On his return to England in , he settled in Oxford and announced a series of lectures to which he invited all, free of charge. What did he choose for the subject of his lectures? Paul's letter to the Romans. But it was not only the choice of subject which was new. After all, the Schoolmen studied Scripture.
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But in what way did they study the sacred oracles? It was Colet' s approach to Paul's letter to the Romans which so radically differed from that of the scholastics. Rejecting secular scholarship and pagan philosophy, Colet turned his back on the scholastic method of interpreting Scripture. He had no time for Aquinas who, he said, had 6 John Colet: His Life and Work 'contaminated the teaching of Christ with his profane philosophy'. As a result, Colet did not treat Paul's letter as a collection of isolated texts upon which to deliver a series of dry, detached and threadbare philosophisings drawn from the Schoolmen and the Fathers.
Rather, he argued out the letter to the Romans as a whole, bringing out the practical meaning of the apostle's words as addressed to the first century believers at Rome. Colet wanted to get at - as he put it, 'dig out, unearth, bring out, hammer out, draw forth' - and deliver the drift and sense of the entire book.
He wanted to open up Paul's meaning to his hearers.
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Moreover, it was not theoretical logic which interested Colet, but the practical benefit of the application of Paul's teaching to those gathered before him. He wanted them to see the fruits of the doctrine of Romans in their day-to-day lives. And in their eternal state. And he had hearers. Colet' s audacity, and the novelty of his subject and style, ensured an audience; abbots, doctors, priests - men of all kinds - attended him. At the start, some came because they were curious. Some came to find fault.
But Colet overcame their questions and their doubts. They came again and again, coming now to learn, bringing their notebooks with them. They found in Colet an able, fluent teacher who spoke not merely with his lips, but with and from his heart, and, moreover, spoke to their hearts through their minds. He reached them. He communicated with them. Above all, he communicated to them the thrilling message of the gospel as discovered in the letter to the Romans. His hearers found reality and life - not the cold, dry, boring, tortuous philosophy of the Sentences as endlessly served up in the schools.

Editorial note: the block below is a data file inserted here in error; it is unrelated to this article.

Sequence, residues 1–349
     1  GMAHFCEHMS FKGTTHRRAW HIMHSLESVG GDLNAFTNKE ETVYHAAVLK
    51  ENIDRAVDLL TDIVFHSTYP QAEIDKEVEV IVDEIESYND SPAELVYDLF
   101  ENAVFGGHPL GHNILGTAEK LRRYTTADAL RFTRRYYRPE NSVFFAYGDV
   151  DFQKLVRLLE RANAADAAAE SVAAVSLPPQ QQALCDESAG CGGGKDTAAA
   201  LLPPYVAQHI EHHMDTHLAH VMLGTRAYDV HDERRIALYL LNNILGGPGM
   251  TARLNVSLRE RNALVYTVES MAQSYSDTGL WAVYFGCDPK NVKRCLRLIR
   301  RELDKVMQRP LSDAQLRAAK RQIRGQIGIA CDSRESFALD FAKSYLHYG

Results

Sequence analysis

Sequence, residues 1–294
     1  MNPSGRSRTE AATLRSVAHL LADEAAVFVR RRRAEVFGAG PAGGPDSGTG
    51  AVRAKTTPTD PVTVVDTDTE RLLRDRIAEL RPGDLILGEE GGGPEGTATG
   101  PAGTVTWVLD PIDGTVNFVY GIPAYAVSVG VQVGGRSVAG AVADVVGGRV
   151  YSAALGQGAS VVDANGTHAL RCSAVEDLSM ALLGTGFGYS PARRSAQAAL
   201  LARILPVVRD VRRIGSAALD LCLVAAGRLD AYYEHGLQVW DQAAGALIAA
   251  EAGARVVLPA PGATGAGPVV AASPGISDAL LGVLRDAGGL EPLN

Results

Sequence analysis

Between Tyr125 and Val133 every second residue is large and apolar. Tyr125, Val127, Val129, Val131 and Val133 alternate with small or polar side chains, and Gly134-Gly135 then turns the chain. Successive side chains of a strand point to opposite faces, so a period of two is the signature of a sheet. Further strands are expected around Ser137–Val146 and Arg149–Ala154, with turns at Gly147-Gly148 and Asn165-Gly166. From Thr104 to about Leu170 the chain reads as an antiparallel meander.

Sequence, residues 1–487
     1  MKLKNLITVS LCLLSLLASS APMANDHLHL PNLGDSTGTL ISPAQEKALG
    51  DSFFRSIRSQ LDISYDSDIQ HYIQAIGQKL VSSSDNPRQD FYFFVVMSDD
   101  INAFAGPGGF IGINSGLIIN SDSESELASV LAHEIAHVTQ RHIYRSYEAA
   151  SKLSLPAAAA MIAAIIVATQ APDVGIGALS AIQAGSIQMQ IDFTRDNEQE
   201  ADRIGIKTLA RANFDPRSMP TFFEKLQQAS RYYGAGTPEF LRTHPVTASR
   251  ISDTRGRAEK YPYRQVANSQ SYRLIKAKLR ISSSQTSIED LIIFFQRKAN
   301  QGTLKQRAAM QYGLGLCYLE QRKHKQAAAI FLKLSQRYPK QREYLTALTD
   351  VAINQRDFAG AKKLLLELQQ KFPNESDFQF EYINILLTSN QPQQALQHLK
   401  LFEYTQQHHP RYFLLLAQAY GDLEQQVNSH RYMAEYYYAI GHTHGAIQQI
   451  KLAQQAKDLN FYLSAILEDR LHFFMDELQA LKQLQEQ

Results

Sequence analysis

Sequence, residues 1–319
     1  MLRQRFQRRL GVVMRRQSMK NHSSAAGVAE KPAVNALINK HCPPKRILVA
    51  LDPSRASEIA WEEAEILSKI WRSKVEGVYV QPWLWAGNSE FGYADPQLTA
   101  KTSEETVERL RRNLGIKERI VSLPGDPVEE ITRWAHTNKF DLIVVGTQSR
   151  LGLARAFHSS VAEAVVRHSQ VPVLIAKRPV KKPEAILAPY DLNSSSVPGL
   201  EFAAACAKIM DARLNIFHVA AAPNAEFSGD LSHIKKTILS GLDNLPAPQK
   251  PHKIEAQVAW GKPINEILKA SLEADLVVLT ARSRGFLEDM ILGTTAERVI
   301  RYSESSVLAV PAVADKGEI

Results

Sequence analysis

Colet's zeal warmed his hearers' hearts. Not only so.
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Their lives were changed as they were brought under Colet's power in applying Paul's argument in the Romans. I am not claiming that Colet got as close to the heart of Romans as Luther would within a few years, but it was Colet's approach to the apostle's book, and what he did discover in it, that I want to emphasise. This is the point. Having admitted Colet's failure to reach the full meaning of Romans, I do not want to give the wrong impression the other way, however. He was very clear that the Old Testament was preparatory for Christ; that Moses and David spoke of Christ; that old-covenant shadows point to Christ.
As for the law, because of the sinner's weakness and inability to keep it, Colet rightly argued that it never made any sinner right with God. He said such things as: 'Whatever Moses wrote pertains to Christ'. Colet was in no doubt that the church was redeemed by the blood which flowed from the side of Christ. As I say, although he did not reach Luther's understanding of Romans, he wasn't so very far off.
One night in the winter vacation of , a priest - who was attending Colet's lectures - knocked on Colet's door. Gathering close round the fire, the two men talked.